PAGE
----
Genetics and the Cunneyworth Family Tree

One of the most promising areas of scientific research today is also one of the most sensitive privacy issues that genealogists are faced with when gathering information about our ancestors. Shared genetic information may seem to be an abstract, academic concept when applied to the dead, but it has a very real and imposing significance for the living.

In a late 1999 issue of the online journal, RootsWeb Review, a subscriber wrote:

The article about Telethon 1999 (Vol. 4, No. 47, 17 November 1999) where FranceGenWeb and many WorldGenWeb countries "support charitable causes such as fighting genetic diseases," hit a focal point in my life. I have one of those "genetic diseases" called Polycystic Kidney Disease (PKD), which was passed to me through my father, Paul Graham. Because my grandmother, Ella Dora (Howerton) Graham, died at the age of 35 years when my father was only five years old, I believe she died of PKD, but there is no death record for her. She died in 1921, but the "country doctor" didn't even know what caused her to die. Now genealogy takes on a whole new meaning for me. Now it is not just "where and when did they die," but "what was the cause of death?" I belong to a PKD support group online and one of the latest subjects was "tracing PKD in your family." Although I have been doing genealogical research for more than 25 years and have two books under my belt, trying to trace health problems in the family is even harder.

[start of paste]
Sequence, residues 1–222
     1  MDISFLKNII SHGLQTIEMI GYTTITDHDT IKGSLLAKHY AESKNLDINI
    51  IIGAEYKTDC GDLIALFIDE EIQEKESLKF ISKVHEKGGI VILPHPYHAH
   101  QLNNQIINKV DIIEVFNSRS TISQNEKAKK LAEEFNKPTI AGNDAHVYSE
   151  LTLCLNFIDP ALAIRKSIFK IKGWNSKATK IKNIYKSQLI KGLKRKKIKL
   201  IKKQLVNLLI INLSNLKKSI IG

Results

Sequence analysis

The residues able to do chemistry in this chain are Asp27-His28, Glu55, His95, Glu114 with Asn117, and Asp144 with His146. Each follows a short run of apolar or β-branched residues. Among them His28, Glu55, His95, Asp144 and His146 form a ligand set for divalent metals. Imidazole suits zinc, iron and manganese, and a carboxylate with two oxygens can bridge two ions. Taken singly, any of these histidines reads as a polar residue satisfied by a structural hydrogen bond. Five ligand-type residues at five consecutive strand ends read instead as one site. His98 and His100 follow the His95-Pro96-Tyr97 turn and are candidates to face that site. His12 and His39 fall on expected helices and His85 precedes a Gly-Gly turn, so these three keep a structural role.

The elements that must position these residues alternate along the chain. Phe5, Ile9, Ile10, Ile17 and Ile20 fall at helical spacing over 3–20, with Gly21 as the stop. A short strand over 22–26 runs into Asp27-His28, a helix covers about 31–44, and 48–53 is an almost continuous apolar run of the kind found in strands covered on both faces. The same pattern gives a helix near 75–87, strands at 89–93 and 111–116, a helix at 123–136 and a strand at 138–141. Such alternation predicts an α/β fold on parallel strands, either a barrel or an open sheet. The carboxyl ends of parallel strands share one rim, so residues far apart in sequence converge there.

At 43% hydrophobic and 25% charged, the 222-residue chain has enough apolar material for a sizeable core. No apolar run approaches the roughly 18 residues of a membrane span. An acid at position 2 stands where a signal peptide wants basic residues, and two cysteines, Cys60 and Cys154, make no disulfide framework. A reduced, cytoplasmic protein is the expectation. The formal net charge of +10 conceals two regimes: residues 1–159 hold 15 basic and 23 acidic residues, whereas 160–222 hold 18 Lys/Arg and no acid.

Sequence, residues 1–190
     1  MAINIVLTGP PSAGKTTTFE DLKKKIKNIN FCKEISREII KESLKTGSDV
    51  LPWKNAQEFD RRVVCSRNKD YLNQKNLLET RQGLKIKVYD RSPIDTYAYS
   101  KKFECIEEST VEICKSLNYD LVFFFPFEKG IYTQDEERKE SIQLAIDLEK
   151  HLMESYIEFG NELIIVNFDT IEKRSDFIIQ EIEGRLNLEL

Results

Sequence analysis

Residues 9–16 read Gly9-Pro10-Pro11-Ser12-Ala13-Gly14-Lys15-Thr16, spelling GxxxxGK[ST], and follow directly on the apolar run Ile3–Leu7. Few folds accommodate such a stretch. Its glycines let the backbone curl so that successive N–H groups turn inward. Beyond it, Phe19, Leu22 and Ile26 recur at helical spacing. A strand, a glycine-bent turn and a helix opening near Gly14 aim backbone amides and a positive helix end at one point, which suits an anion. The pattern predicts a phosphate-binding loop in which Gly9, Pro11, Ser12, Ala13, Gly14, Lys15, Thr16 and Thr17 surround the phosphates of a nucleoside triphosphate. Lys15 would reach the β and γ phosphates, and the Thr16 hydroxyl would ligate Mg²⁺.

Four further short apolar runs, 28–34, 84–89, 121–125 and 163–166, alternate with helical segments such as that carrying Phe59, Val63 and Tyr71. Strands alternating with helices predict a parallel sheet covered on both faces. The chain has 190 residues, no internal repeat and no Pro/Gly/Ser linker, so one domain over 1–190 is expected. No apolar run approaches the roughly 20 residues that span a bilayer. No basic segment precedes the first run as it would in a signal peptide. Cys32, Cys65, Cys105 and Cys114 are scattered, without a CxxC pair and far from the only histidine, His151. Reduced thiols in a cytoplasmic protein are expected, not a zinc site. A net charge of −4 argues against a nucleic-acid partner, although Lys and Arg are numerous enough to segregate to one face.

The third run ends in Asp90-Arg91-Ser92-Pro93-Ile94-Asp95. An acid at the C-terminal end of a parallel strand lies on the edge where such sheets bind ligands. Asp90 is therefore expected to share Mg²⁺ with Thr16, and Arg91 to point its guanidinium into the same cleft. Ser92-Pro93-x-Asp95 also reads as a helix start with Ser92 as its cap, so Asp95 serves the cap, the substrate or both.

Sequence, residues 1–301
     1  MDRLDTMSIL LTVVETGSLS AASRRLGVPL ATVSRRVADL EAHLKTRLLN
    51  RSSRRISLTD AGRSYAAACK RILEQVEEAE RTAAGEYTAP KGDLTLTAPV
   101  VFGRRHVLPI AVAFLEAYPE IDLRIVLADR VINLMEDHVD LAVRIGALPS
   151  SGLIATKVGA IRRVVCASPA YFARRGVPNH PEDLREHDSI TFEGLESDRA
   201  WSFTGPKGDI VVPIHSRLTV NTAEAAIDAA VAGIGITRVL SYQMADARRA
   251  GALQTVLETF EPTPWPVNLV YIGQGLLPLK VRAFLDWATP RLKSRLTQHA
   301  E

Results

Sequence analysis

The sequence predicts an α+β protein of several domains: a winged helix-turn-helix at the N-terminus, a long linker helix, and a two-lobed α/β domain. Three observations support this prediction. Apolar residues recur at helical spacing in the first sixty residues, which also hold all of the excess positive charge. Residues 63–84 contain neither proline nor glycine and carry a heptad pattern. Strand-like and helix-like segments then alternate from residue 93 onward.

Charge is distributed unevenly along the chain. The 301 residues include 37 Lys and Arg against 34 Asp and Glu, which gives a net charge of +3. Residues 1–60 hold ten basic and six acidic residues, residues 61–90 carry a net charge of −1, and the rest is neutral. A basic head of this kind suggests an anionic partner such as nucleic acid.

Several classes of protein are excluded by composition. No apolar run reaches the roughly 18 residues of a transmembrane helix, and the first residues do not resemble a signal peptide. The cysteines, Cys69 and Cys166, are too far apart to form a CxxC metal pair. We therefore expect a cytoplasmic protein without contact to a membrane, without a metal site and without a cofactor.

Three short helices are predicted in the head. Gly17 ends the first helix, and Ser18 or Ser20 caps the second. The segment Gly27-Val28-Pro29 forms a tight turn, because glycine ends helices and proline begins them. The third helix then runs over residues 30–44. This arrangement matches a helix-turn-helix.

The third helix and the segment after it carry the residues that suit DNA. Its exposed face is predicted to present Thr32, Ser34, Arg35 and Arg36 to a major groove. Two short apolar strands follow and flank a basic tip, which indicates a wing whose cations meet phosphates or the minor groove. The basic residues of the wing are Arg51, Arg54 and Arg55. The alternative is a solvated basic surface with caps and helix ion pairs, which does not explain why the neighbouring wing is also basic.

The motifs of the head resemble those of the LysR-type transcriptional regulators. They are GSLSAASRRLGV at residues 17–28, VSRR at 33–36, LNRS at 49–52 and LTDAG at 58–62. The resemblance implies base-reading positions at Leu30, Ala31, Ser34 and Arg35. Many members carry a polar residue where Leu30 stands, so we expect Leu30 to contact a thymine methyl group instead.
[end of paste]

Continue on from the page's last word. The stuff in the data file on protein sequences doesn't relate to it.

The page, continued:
Looking for cousins with whom I've lost contact with is critical because of the need to alert them to the problem. PKD is passed on through a dominant gene, so every child of a person with PKD has a 50/50 chance of having the disease. [...]

After tracing the family health history and alerting cousins about PKD, the next step is to campaign for more research. The Polycystic Kidney Research Foundation has been selected as one of five charities that the "Motley Fools" will support in the year 2000. In addition to funding, this means that PKD will get some of the visibility sorely needed to get the word out and stop the suffering alone. Patients, families, and medical professionals need to know there is hope.

Doris Slaughter
Please visit RootsWeb's main Web page at

I have a niece with Downs Syndrome. Her mother is very interested in contributing to Downs-related research efforts in any way possible and she has asked me to note other cases of Downs Syndrome in the family tree. My brothers and I look back on previous generations of diabetics, cancer and stroke victims (and survivors); we would be wise to pay attention to this valuable reservoir of genetic information.

With all due respect to privacy issues, the potential positive benefits of such information for current and future generations must be considered. As a result, I have decided to record causes of death, where known, and other medical conditions which may be genetic in nature.

For comments, questions or corrections, please email me.
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